On our final trip to the local Borders book store, my wife and I picked up a few things, such as Earth: The Book, which is every bit as hilarious as you can imagine, and the first collection of the Path of the Planeswalker mini-comics based on Magic: the Gathering. On something of a whim, I also picked up the first novel in a trilogy penned by Susanne Collins called The Hunger Games. As I’m aiming one of my novels squarely for the upper end of the young adult audience, I figured it would be good for me to know what I’m up against.
Finishing this book has convinced me I need to step up my game.
“May the odds be ever in your favor.”
The Hunger Games opens with a bleak picture of our future. After some North American catastrophe that is merely hinted at, we are introduced to the nation of Panem, a glimmering but austere Capitol surrounded by twelve specialized and somewhat downtrodden Districts. Our heroine, Katniss Everdeen, hails from the coal mining District 12, where she and her friend Gale must hunt in the forests (illegally) for food and supplies their families wouldn’t be able to afford otherwise. At sixteen, Katniss has spent most of her adolescence signed up for the Hunger Games, where two children conscripted from each District fight to the death for the honor of bringing home wealth, food and prestige. When Katniss’ little sister’s name is drawn for this years Games, Katniss volunteers in her stead. What happens next goes far beyond the needs of Katniss’ family and opens up a greater world of danger, intrigue, romance and adventure.
Suzanne Collins clearly has a plan that extends beyond this book. As the first part of a trilogy, The Hunger Games must set up the characters, locations, events and themes to service the entire overall story. However, at no point does the book feel dry or overly expository. The perspective of Katniss both allows for the introduction of the necessary elements mentioned and keeps us firmly in the narrative of the story at hand. It’s a fantastic example of characterization and plotting woven together to create a coherent first act that manages to stand alone.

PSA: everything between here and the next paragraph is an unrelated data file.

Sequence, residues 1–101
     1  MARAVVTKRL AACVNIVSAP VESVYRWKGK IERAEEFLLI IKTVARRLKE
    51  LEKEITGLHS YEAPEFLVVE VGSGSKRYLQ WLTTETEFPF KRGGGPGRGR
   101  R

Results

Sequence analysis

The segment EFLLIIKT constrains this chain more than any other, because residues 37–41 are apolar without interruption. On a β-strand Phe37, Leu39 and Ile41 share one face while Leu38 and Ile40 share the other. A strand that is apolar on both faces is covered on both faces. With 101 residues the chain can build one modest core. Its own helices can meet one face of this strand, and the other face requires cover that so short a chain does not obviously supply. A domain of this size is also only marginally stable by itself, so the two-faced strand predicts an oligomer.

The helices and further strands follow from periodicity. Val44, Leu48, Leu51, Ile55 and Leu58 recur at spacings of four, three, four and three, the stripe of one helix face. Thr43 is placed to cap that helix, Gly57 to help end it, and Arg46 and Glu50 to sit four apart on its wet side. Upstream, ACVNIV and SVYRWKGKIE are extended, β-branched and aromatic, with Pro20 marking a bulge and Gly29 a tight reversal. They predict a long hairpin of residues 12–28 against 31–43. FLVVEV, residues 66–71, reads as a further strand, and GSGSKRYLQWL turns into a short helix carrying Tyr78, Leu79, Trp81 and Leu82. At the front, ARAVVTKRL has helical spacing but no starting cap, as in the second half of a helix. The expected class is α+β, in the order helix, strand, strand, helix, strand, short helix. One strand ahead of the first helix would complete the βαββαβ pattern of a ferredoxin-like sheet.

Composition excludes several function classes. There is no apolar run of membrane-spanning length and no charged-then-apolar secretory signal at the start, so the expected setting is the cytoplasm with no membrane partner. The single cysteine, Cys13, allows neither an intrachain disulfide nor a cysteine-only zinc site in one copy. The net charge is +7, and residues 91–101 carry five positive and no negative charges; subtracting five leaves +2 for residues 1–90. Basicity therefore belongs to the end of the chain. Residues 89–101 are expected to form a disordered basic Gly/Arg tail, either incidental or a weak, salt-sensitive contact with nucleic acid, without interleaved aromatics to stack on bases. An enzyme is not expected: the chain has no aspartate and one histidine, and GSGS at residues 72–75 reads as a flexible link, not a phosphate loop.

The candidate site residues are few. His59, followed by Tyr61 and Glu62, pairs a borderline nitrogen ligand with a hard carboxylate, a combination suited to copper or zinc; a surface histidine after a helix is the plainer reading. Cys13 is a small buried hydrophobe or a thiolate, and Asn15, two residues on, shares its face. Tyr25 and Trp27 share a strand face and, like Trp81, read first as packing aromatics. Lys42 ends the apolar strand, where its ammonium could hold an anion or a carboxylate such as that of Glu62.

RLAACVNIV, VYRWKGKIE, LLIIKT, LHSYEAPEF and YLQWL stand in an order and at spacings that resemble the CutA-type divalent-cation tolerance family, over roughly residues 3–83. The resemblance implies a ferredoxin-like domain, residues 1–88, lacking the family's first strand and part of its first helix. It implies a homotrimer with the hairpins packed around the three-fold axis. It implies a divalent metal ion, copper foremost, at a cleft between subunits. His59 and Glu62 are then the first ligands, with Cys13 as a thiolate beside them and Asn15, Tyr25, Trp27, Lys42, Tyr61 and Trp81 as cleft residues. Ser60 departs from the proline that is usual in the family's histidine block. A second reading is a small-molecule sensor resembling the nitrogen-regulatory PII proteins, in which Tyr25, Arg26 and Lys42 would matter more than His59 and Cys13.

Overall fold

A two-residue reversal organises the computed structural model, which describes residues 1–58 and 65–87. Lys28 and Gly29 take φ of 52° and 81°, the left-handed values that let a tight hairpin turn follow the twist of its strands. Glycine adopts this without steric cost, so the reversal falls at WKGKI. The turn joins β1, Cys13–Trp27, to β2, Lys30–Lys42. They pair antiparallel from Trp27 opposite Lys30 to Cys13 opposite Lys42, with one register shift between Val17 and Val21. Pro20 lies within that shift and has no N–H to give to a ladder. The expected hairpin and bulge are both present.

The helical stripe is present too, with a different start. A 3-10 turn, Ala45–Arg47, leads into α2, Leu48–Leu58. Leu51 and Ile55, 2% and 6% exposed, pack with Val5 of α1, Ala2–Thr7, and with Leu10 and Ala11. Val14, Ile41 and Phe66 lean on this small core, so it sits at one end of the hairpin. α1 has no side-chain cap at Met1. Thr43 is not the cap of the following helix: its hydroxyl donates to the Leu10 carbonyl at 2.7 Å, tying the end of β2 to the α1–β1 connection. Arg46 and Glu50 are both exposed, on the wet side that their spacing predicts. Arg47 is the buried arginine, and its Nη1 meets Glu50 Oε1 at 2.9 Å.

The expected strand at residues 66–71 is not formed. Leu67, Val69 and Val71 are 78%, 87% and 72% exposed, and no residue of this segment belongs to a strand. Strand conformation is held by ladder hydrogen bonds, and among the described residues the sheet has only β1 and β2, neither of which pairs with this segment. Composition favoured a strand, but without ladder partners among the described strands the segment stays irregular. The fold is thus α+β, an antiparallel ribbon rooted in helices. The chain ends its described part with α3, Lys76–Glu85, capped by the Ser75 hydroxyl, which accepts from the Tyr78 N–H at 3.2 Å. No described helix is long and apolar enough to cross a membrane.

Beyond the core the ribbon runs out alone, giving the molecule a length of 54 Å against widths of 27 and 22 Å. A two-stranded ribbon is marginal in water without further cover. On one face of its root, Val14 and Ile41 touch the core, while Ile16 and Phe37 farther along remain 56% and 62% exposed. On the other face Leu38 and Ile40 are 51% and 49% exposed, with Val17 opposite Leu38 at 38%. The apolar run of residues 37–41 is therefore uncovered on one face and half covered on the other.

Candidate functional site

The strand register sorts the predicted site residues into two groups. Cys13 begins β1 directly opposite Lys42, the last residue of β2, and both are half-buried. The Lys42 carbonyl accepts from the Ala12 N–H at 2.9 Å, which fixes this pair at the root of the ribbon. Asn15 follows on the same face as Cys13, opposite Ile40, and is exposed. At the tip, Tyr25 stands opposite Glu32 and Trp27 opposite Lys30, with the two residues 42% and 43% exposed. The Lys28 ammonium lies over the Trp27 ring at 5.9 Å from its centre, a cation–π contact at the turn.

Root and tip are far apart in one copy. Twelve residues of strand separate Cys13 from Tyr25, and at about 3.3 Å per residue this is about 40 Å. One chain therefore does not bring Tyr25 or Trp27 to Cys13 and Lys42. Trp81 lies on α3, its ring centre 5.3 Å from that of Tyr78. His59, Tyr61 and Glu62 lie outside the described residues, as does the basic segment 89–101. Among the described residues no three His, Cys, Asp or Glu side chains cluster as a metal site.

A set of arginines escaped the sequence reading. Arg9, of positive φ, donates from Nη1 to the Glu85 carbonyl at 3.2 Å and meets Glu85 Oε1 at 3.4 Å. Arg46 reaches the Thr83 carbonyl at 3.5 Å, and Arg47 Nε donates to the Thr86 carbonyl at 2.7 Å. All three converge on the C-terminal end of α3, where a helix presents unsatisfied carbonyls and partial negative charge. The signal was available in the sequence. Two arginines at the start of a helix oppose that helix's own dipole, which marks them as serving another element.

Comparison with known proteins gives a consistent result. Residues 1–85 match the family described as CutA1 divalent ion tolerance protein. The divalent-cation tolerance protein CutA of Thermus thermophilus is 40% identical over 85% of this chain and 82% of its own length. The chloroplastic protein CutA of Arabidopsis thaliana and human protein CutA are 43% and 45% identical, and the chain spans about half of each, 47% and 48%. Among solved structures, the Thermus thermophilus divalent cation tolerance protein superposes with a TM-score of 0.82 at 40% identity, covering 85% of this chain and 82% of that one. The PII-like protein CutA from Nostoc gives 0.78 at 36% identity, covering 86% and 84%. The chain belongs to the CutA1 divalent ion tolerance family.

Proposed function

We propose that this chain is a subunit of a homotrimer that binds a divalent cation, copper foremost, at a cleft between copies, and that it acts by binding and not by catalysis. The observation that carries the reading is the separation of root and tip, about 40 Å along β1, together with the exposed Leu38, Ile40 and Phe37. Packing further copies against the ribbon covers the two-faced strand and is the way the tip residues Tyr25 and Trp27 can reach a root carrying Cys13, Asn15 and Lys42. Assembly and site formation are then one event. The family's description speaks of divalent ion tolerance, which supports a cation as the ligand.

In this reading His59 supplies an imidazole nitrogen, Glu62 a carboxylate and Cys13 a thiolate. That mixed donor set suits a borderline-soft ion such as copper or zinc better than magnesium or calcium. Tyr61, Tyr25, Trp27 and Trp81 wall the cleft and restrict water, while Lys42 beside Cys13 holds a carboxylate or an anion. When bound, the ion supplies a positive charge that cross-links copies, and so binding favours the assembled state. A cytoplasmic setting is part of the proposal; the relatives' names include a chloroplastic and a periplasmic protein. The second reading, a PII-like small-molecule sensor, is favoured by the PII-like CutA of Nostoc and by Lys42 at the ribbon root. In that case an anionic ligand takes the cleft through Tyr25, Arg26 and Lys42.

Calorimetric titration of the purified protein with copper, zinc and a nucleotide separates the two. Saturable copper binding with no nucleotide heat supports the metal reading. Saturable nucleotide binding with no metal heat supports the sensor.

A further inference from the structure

Speaking of characters, Collins also does a wonderful job fleshing out the people of Panem. Katniss as a heroine is at once strong and vulnerable, intelligent and naive. She feels, talks and reacts like a real person, with palpable confusion in some moments and grim resolution in others. Her fellow tribute from District 12, Peeta, shows a great deal of complexity as well, along with some of the adults involved and the tributes from other Districts. The entire enterprise from start to finish has all of the hallmarks of careful construction, not only creating this new world of a potential future but also giving readers a reason to care about it.
The sensationalism and spin doctoring of Panem surrounding the Hunger Games and the undercurrent of oppression and misery feels close to home. There are eerie similarities between the ways in which the Capitol interacts with its Districts and the rhetoric and attitude of certain elements in today’s world in general and the United States in particular. Between this similarity and the presentation of Katniss, Collins draws the reader in and refuses to let go, compelling each page to turn as the action unfolds. When the book is over, the readers is satisfied with the conclusion but left wanting more, which is exactly how any book should end, but especially when more are planned to come after it.
The Hunger Games is a wonderful book, deeply involving and a delight to read. And yet it’s only the first part of a greater narrative exercise. Subsequent books are poised to deliver more great characterization, a deeper exploration of the world of Panem, and more sleepless nights for the reader as they (that is, we) eagerly turn page after page. Good luck putting this one down.
If this is what the kids are reading these days, the work of aspiring novelists like myself has clearly been cut out for us.